Thursday, July 9, 2020

07.09.20 One and done and I'm done....

     I should have known by the flag that air would be dense and the humidity would be around 150%. I was sweating the second I got out of my truck at 4 am. It was about an hour before dead low but I have to fish when I have to fish. I started with a black popper and a Erin fly dropper. There wasn't

much for water around and I walked through the troughs and up and out on the bar to try the deeper waters. I made my way out on the end of a groin and fished some good water without a tap. In very skinny water I did manage to catch a small bass on Erin's fly, no need for a picture, you've seen 14 inch bass before. I thought maybe it would get better.

     I fished the beach end of a notched groin for an hour, popper/dropper and UAF and dropper without a touch. I know we hate notched groins, but when the water is coming south to north, and its deep on the north side, it does look good, just none home this morning.

Tuesday, July 7, 2020

07.07.20 Erin's flies work!

    So late last night, well around 9pm, I again went to the well and asked Theresa if I could go fishing. She said "Of course", which is a bit scary. So I went downstairs to tie up a couple with those UAF big eyes. On the way to bed I said to Erin I'm going fishing and could use some more of your flies. By the time I went to sleep it was about 1030. 


       When I woke and went down around 3 am there were two new flies Erin had whipped up while I slept. My mission now was to catch a fish on one of these, and not lose one to a bad know. So all-happy-dad-proud I went to my truck and realized that I left my key in and my ignition on all night. The battery was dead as a doornail. So I had to wake up Theresa, ask her where her keys were, then realized I had them last, and then jump the truck and go on my way. 

     When I got down there the W was E-SE and I could here the surf rumbling from the parking lot. I looked at Erin' flies and figured black in the dark and the white and chartreuse when the sun came up. I of course went popper/dropper and made my way down to the beach. It was about 2 hours into the flood tide and the W kept coming from a different direction every time I would cast. But the water

   I climbed up and over the rocks toke my way as far out front on the groin as I could. A few casts in and I had a bass jump on, and miss the popper, even with a pause between strips. Between there, and back along the beach and on another groin I had about 5 good jumps and swipes, but couldn't get one to commit on the first or second fly. I knew I had to get it done at some point, conditions were

looking good as light arrived, water filling in, good wave action, no waves breaking at your knees or in your stripping basket, and plenty of structure to hold bass. So it was time to switch it up, white and chartreuse Howitzer popper with Erin's fly tailing behind. I thought the rocks would be a good place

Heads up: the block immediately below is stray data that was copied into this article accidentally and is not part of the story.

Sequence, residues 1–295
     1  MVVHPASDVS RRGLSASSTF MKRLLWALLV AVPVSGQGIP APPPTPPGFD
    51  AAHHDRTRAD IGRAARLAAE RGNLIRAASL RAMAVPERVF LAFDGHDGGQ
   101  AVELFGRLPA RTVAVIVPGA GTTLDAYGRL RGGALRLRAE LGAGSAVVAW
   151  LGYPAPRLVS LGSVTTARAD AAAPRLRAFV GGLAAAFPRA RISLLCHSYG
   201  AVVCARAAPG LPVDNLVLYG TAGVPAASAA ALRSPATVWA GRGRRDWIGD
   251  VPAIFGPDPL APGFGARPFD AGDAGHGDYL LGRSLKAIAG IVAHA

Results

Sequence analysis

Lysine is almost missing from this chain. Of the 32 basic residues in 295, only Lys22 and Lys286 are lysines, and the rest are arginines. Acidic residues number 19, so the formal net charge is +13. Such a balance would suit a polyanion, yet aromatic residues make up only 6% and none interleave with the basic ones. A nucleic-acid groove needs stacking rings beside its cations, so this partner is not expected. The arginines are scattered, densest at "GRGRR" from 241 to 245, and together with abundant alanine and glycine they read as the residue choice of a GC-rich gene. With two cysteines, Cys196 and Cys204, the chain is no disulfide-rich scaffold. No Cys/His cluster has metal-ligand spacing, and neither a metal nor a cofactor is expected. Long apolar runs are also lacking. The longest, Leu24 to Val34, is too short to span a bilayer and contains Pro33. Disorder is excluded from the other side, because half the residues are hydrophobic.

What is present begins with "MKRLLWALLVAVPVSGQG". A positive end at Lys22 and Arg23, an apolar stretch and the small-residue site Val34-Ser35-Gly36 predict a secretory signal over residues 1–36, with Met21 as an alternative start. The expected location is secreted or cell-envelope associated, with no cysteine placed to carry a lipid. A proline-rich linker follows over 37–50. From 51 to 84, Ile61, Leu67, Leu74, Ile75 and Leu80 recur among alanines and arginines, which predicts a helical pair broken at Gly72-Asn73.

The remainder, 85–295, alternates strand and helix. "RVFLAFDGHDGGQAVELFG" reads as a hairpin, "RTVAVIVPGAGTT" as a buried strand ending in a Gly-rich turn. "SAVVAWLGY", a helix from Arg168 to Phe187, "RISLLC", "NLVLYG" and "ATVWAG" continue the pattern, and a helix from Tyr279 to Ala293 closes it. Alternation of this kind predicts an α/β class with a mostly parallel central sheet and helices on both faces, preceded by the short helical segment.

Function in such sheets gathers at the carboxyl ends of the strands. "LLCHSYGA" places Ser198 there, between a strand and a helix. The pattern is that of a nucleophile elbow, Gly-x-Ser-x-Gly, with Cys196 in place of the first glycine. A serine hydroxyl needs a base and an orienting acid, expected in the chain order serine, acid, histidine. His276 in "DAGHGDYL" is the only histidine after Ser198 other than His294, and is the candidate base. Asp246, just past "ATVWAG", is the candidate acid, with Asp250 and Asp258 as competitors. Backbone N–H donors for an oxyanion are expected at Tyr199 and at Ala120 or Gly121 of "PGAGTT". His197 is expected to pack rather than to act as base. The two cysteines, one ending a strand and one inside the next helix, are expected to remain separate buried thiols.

but it seemed the fish were patrolling the sand off the rocks, so current seams and troughs were where you wanted to be. Just as I was getting nervous of another disappointing report to Erin, and after stopping to pop one up,  I went tight and had a fish that ate her fly. After a quick picture I had proof to show her the reward for her efforts. Her fly worked! And to boot, they ate her, and not my fly which was the lead fly in the tandem set-up. After that it was just staying put and giving it a shot up and down the beach. Leif was around and we eventually hit the same spot before calling it a morning.

    As we held on to each, this-is-the-last-cast, I saw him go tight. I didn't react until he said "This is a good fish". So I got my camera ready, busted my ass falling over a log that I thought I was sure to snag on a backcast but wound up tripping over, and got a pic before he let it go to swim another day. 

Monday, July 6, 2020

07.05.20 "Dad catch a fish on my fly...."

    Don't knowehat's got intoErin lately but she's all about fly fishing....and now tying flies. So late last night I was sitting down trying to tie some flies before getting a few hours of sleep and getting up at 230 am to hit the beach. 23 should early, but with, yes I'm tired of writing about it and complaining, that drive, I get there at 4 am just as the light arrives, and so do the people. 

    So as Erin started to tie it started to look like one of my least favorite patterns, the Leif Ericksen "Ugly Ass Fly", he had given me a bunch of the large dumbbell eyes so I had her tie it on. Before she went to bed she said, like only a daughter to a dad could, "Dad catch a fish on my fly". 

    So I arrived before 4, got my set up all set up, which included a newly tried Double Barrel popper and her fly as the dropper. I tied it really good. My first cast went well, plopped on the water between the incoming waves, two stripes, went tight, and then unbuttoned....the know at the bend of the popper must have been bad. Nice job dad.....I suck. 

     When I was down there I was fishing to a light ing storm that was moving right to left from NYC out. Water was coming in, a balmy 85 degrees, or so it felt, and throngs of people walking the beach. It was a morning where you really had to watch your six, or you'd put a Clouser between someones eyes or warped around the family pooch.